North Island Travel – Springtime Gardens in Rotorua NZ
Travel in New Zealand shouldn’t be limited to the summer months. Rotorua is a premier tourist destination in the North Island, and is fabulous to visit in the spring.
While summer is the most popular season for tourism in New Zealand, travellers who visit Rotorua during September-November, the official months of spring, will experience special visual treats. Five times winner of New Zealand’s Most Beautiful City Award, Rotorua is glorious in the spring. Vibrant plantings provide a colourful foil for the steam that rises from the city’s famed hot springs.
Travel to New Zealand in the Spring to see Massed Plantings of Spring
Flowers in Rotorua Streets
Groupings of daffodils splashed on the slopes of Pukeroa Hill, site of Rotorua Hospital, are often the first harbingers of spring in the city. The massed plantings of tulips that are a feature of Rotorua spring gardens then burst into bloom, their elegant stems standing proud from hazy clouds of powder-blue forget-me-nots, miniature wallflowers or primroses.
Polyanthus lift vivid faces from raised gardens, roundabouts, and massed beds in city and suburban streets. Fragrant drifts of freesias, crocuses and bluebells are punctuated by the showier anemones and ranunculus with their luminescent petals and inky-dark centres. Wisteria scrambles over fences and pergolas. A brief, but particularly lovely wisteria experience is a stroll across the arboured bridge in Kuirau Park.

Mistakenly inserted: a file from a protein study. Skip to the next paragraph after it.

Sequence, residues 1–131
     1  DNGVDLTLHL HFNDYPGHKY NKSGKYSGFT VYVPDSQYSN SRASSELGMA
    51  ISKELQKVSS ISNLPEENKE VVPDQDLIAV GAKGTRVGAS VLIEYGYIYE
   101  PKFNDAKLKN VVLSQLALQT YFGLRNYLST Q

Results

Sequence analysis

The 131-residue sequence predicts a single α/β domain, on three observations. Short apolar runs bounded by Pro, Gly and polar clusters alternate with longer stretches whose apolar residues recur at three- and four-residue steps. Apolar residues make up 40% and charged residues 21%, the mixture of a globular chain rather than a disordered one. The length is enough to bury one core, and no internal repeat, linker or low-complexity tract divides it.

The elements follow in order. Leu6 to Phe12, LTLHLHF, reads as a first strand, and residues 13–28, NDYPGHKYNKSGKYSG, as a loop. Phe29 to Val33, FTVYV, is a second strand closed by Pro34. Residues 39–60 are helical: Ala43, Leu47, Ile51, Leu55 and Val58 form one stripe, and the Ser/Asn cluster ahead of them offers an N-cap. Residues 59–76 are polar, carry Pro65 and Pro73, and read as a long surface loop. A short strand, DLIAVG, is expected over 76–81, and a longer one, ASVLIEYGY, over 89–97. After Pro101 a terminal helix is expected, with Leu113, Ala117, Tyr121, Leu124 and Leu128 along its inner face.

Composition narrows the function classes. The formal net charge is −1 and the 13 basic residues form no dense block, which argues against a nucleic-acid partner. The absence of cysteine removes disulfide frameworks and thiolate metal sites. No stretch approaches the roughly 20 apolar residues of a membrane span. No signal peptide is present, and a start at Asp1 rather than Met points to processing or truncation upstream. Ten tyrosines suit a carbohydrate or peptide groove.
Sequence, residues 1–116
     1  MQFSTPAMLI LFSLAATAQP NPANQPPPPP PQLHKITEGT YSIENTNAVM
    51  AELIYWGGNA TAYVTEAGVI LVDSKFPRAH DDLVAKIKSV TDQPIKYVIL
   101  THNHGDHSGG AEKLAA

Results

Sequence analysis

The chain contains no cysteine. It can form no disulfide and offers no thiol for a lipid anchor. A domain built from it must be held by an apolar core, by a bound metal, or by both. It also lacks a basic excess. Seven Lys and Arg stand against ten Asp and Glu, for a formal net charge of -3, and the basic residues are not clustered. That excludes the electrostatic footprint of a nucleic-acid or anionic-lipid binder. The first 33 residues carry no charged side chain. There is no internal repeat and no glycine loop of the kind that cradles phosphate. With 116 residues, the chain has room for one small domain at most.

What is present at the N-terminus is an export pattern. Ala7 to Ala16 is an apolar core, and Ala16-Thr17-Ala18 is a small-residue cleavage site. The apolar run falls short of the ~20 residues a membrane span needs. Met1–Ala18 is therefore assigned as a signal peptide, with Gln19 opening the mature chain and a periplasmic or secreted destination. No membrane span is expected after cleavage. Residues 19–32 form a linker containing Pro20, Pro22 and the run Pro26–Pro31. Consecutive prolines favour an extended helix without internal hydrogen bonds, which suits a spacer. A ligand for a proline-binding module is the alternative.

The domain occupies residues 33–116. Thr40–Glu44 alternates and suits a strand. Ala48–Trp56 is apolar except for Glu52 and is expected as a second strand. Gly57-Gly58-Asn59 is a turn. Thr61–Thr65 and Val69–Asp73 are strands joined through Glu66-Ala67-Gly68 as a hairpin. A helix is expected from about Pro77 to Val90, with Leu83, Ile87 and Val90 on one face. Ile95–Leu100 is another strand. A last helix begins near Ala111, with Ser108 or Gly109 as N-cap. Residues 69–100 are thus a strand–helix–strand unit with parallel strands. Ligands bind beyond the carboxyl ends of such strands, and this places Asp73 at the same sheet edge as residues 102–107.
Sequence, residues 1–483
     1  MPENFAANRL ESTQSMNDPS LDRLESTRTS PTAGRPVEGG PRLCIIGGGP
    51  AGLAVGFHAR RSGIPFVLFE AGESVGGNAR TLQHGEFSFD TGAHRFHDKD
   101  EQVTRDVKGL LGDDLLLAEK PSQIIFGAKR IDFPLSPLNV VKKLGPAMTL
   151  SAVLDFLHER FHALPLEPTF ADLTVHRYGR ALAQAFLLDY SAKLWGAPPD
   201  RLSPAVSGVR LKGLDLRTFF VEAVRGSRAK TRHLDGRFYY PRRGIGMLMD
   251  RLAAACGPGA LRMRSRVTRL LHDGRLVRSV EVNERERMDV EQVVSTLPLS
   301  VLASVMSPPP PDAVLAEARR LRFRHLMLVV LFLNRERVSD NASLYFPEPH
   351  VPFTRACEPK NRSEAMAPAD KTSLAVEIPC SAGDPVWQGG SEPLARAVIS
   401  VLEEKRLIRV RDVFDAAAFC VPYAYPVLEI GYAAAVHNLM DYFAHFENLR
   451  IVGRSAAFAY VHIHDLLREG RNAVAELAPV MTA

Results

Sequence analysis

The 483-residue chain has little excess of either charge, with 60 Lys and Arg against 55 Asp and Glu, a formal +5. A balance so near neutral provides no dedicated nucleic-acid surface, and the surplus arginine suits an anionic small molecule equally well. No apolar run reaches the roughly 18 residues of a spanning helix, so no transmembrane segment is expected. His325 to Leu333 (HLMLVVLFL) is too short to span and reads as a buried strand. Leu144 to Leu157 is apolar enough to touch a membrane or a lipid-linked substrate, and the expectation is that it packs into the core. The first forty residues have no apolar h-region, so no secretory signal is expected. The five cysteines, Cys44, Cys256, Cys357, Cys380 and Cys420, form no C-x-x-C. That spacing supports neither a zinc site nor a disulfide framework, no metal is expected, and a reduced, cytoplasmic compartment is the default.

Maples, rhododendrons, flowering cherries and the native golden kowhai are some of the tree varieties lining city and suburban streets. Many of these were planted during the early days of the city’s development and hold that special charm unique to old-established trees, with their gnarled trunks and spreading branches.
Spring Gardens Showcase the Tudor Architecture of Rotorua Museum of Art and History
The restored Tudor architecture of the Rotorua Museum of Art and History provides a stately backdrop to the acres of lawns and formal gardens that comprise the Government Gardens. Built for the head gardener in 1899, the Victorian Villa in the Government Gardens has been faithfully restored, and its gardens are carefully maintained all year round.
Visitors shouldn’t be limited to main thoroughfares. A drive into the suburbs and rural areas on the outskirts of the city bears testament to Rotorua’s community of keen gardeners. Lambs bouncing in roadside paddocks and willows greening alongside riverbanks are some of the universal signs that winter is drawing to a close.
Rotorua Spring Fact Bites
September 1 to November 30 are designated as the official days of spring.
Rotorua District Garden Festival is held annually in November.
Daylight savings begins the last weekend of September.
Rotorua lakes and streams are re-opened for trout fishing on October 1st.
A day for the fairies is held each September when adults and children alike don fairy costumes and enjoy games and picnics in Kuirau Park.
Getting to Rotorua in New Zealand’s North Island
Located in the central North Island, Rotorua has a well-established network of road and air connections. A fifteen-minute drive from the CBD, Rotorua airport has regular links to all major centres and many smaller domestic terminals. The city is a hub for primary eastern, southern and northern highways. Rotorua is a three-hour drive from Auckland International Airport . The capital city, Wellington, is six hours away by road.
The weather can be changeable during New Zealand’s spring months, and temperatures chilly. It is strongly advised to pack warm clothing and wet-weather protection, particularly if walks or other outdoor activities are planned.